[23] Id. (holding that if creditor was known or “reasonably ascertainable” by debtor, Fourteenth Amendment requires that creditor be given actual notice).

[24] Id. Case law has established that the “reasonably ascertainable” standard is met by “reasonably diligent efforts” which vary according to the facts of each case. Small Engine Shop, Inc. v. Cascio, 878 F.2d 883, 878 (5th Cir.1989); In re Sharon Steel Corp., 110 B.R. 205, 206 (Bankr. W.D. Pa.). However, courts have repeatedly recognized the “practical costs and difficulties” that would necessarily arise if actual notice were to be provided to all possible claimants. Mullane v. Central Hanover Bank & Trust, Co., 339 U.S. 306, 317 (1950).  The “reasonably diligent effort” standard does not require debtors to engage in unreasonable searches for claimants or to search for and actively encourage claimants to file timely proofs. Id. After all, it is in the interests of the claimants themselves to file timely proofs. Chemetron Corp., 72 F.3d at 346.

[25] Id. (quoting Mullane, 339 U.S. at 317) (finding that notice to beneficiaries whose claims were “conjectural” or “future” are not necessary to address due process concerns).

[26] See Brown v. Seaman Furniture Co., Inc., 171 B.R. 26, 27 (E.D.Pa.1994) (finding that publishing claims bar date in both national and international publications satisfied due process clause); see also In re U.S. Airways, Inc., 2005 WL 3676186, *6 (Bankr. E.D. Va. Nov. 21, 2005) (finding that defendant employees were not known creditors and consequently did not require actual notice of claims bar date in order to satisfy due process requirements); see also In re Best Products Co., Inc., 140 B.R. 353, (Bankr. S.D.N.Y.1992) (holding that notice by publication satisfied due process requirements).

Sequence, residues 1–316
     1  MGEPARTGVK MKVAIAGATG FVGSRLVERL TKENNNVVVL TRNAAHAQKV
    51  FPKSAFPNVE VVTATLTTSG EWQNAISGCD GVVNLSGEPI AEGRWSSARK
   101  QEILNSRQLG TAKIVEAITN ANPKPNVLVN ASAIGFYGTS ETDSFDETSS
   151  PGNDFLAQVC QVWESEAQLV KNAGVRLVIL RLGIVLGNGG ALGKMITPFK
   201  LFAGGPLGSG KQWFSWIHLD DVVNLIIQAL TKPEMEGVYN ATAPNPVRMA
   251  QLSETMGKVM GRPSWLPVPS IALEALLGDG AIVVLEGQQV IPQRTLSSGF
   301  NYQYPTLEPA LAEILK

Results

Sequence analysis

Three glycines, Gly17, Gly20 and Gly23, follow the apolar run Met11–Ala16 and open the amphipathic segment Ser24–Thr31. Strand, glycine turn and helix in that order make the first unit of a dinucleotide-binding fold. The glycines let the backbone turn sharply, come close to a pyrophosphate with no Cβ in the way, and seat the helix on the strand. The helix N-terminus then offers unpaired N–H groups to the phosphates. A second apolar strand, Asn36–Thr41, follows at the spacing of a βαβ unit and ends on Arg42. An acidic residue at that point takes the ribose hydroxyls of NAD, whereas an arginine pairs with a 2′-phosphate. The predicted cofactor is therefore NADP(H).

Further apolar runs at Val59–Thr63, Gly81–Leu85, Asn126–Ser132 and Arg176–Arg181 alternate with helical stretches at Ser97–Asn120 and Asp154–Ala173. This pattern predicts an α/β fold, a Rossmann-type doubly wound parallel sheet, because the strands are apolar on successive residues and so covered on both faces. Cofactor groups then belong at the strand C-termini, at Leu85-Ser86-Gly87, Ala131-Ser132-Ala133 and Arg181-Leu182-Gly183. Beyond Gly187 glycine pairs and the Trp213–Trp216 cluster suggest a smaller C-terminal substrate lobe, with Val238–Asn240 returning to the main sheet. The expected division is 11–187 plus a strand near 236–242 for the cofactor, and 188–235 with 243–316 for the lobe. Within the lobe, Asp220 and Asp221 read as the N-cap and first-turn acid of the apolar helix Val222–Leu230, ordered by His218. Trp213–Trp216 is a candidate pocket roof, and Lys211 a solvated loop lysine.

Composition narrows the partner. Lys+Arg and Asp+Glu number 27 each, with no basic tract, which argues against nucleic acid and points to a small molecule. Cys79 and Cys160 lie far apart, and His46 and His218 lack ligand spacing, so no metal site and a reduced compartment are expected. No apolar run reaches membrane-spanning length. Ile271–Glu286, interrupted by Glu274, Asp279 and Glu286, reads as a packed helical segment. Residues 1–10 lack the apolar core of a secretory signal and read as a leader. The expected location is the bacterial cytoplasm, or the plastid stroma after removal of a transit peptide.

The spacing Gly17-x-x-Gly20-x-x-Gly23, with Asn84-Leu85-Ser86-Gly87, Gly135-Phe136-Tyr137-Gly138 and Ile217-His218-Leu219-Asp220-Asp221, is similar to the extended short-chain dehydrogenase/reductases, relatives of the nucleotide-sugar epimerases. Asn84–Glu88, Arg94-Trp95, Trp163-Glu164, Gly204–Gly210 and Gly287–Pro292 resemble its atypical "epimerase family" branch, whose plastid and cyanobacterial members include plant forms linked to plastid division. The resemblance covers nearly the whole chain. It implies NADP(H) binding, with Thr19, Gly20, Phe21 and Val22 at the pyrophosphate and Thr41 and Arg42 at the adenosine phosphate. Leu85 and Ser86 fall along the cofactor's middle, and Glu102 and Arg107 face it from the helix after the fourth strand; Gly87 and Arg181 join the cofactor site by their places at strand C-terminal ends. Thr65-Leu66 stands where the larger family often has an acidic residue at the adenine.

[27] In re Nortel Networks, Inc., 531 B.R. at 65 (“The Canadian Employees were unknown creditors. The Court is satisfied [. . .] that the Published Notice satisfies the requirements of due process with respect to unknown creditors.”).

[28] Id.

[29] See City of New York v. New York, N.H. & H.R., 344 U.S. 293, 296 (1953) (“Notice by publication is a poor and sometimes a hopeless substitute for actual service of notice . . . But when the names, interests and addresses of persons are unknown, plain necessity may cause a resort to publication.”).